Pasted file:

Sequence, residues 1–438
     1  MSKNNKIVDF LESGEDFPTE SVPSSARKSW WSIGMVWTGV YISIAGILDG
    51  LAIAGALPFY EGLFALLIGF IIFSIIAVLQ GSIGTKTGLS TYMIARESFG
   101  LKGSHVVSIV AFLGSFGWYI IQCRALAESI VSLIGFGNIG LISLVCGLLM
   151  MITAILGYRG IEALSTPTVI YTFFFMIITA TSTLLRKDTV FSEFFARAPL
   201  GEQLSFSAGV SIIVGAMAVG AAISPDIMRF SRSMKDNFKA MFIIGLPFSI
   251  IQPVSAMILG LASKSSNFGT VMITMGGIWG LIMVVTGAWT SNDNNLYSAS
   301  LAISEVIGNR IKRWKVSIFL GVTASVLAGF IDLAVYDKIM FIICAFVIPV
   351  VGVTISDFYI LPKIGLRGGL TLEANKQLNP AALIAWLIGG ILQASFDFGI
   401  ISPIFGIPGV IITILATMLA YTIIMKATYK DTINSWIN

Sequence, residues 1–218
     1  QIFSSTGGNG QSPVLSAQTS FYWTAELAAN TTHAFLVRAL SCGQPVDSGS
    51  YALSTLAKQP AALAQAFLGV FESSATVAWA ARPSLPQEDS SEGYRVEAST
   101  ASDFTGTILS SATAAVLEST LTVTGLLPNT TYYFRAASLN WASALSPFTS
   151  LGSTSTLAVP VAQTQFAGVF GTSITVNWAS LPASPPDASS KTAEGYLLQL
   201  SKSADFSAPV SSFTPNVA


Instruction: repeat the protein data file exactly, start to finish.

Sequence, residues 1–438
     1  MSKNNKIVDF LESGEDFPTE SVPSSARKSW WSIGMVWTGV YISIAGILDG
    51  LAIAGALPFY EGLFALLIGF IIFSIIAVLQ GSIGTKTGLS TYMIARESFG
   101  LKGSHVVSIV AFLGSFGWYI IQCRALAESI VSLIGFGNIG LISLVCGLLM
   151  MITAILGYRG IEALSTPTVI YTFFFMIITA TSTLLRKDTV FSEFFARAPL
   201  GEQLSFSAGV SIIVGAMAVG AAISPDIMRF SRSMKDNFKA MFIIGLPFSI
   251  IQPVSAMILG LASKSSNFGT VMITMGGIWG LIMVVTGAWT SNDNNLYSAS
   301  LAISEVIGNR IKRWKVSIFL GVTASVLAGF IDLAVYDKIM FIICAFVIPV
   351  VGVTISDFYI LPKIGLRGGL TLEANKQLNP AALIAWLIGG ILQASFDFGI
   401  ISPIFGIPGV IITILATMLA YTIIMKATYK DTINSWIN

Sequence, residues 1–218
     1  QIFSSTGGNG QSPVLSAQTS FYWTAELAAN TTHAFLVRAL SCGQPVDSGS
    51  YALSTLAKQP AALAQAFLGV FESSATVAWA ARPSLPQEDS SEGYRVEAST
   101  ASDFTGTILS SATAAVLEST LTVTGLLPNT TYYFRAASLN WASALSPFTS
   151  LGSTSTLAVP VAQTQFAGVF GTSITVNWAS LPASPPDASS KTAEGYLLQL
   201  SKSADFSAPV SSFTPNVA